Tools to suppress diversity
The recent Citizenship Amendment Act has led to vast protests across India because it is discriminatory on the grounds of religion and is a violation of the spirit of India’s constitution as a secular nation.
This Act has been coupled with a proposal for a National Register of Citizens to be rolled out across the country. If this occurs, those unable to prove their citizenship with the right documents could be rendered stateless and moved to detention centres.
The NRC has been piloted in Assam where the government is already building huge centers to detain the nearly two million people who didn’t make it onto the NRC list there.
Impacts on Adivasis
Across India, Adivasi people have borne the brunt of evictions for conservation and industrial projects. Many lack the documents they will need to prove their identities.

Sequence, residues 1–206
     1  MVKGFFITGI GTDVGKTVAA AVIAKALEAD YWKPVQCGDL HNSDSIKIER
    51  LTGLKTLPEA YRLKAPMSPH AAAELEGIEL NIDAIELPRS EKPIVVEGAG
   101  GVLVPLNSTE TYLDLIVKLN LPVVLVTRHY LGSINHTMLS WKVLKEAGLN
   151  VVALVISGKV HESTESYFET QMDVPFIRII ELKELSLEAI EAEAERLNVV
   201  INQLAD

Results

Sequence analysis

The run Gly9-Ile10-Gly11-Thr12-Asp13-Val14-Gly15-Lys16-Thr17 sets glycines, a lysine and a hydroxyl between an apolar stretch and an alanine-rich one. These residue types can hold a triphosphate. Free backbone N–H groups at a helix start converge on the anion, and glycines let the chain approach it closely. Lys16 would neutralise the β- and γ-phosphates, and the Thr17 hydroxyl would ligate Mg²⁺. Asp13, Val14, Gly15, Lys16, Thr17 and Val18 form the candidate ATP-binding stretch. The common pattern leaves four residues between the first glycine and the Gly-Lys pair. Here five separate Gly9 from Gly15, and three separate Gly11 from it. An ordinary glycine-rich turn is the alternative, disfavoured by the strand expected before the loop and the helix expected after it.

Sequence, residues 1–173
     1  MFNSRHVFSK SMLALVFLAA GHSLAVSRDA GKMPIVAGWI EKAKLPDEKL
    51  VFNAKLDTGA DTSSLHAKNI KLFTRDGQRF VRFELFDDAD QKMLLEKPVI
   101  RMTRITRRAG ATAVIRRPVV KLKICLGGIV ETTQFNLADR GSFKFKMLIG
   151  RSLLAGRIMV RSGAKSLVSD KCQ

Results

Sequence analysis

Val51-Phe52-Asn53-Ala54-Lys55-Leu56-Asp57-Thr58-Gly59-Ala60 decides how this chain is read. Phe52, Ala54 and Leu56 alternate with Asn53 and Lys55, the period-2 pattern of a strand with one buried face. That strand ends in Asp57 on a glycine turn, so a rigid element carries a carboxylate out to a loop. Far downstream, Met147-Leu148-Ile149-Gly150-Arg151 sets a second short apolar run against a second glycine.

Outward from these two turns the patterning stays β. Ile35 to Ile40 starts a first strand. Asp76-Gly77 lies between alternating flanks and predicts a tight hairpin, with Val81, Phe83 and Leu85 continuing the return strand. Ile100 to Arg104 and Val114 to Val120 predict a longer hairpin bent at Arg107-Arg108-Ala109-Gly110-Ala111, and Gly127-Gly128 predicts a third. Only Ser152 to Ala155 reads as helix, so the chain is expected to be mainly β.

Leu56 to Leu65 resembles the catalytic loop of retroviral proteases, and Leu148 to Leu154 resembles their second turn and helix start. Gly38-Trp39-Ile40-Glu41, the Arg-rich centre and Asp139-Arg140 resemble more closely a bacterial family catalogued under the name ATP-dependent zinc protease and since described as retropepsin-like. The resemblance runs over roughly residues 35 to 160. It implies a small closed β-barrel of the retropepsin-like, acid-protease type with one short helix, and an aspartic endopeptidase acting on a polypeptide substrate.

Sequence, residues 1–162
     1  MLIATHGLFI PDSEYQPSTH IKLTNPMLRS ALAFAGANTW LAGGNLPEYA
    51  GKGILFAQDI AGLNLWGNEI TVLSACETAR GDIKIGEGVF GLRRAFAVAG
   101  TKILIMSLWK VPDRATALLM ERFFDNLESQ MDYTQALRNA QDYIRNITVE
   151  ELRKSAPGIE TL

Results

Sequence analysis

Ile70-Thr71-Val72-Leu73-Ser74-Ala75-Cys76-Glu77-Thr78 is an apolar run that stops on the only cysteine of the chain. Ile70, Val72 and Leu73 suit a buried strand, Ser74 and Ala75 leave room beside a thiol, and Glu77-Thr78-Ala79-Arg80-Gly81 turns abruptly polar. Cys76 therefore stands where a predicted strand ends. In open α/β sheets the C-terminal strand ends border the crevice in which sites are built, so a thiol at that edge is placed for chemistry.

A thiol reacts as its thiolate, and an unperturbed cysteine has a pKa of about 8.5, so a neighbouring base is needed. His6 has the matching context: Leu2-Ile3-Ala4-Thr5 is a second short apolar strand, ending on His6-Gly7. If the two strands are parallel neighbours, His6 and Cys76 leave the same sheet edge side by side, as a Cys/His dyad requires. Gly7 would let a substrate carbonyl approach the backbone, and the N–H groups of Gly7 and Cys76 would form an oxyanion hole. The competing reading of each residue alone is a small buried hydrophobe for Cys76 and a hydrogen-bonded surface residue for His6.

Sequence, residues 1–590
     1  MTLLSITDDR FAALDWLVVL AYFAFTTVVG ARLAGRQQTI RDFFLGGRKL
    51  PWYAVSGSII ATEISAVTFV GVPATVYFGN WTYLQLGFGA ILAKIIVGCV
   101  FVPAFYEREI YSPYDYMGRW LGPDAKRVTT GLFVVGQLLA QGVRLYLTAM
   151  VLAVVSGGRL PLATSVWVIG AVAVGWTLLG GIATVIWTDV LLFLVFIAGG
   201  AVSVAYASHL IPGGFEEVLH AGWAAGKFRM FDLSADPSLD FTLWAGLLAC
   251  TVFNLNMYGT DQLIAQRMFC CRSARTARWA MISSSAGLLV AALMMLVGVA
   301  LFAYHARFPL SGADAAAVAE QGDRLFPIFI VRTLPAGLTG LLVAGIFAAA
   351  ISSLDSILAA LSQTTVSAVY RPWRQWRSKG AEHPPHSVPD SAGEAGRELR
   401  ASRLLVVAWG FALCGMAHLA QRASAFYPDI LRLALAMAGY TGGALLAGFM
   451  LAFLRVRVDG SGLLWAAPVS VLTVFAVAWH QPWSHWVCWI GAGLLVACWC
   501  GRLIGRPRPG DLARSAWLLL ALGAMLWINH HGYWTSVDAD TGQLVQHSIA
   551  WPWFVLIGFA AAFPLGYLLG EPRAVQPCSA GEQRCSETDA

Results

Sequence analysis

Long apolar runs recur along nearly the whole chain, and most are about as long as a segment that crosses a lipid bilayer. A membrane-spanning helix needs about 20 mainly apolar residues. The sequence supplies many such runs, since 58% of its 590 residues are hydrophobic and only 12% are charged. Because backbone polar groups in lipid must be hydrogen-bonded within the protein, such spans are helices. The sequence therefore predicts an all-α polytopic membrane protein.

“The CAA/NRC will have terrible effect on the Adivasis. Adivasis will be denied their citizenship, detained in the detention camps and intruders will be rehabilitated in their land and territories. This is unacceptable. Adivasis are first settlers of the country, they must be kept out of the CAA/NRC and their land, territories and resources must be protected.” Gladson Dungdung, Adivasi activist and writer.
The Citizenship Amendment Act states that citizenship will be granted on the basis of religion, and people must state what their religion is. Only the major religions are recognized, not the religions of many of the country’s Adivasis, whose beliefs are firmly rooted in their connection to their lands.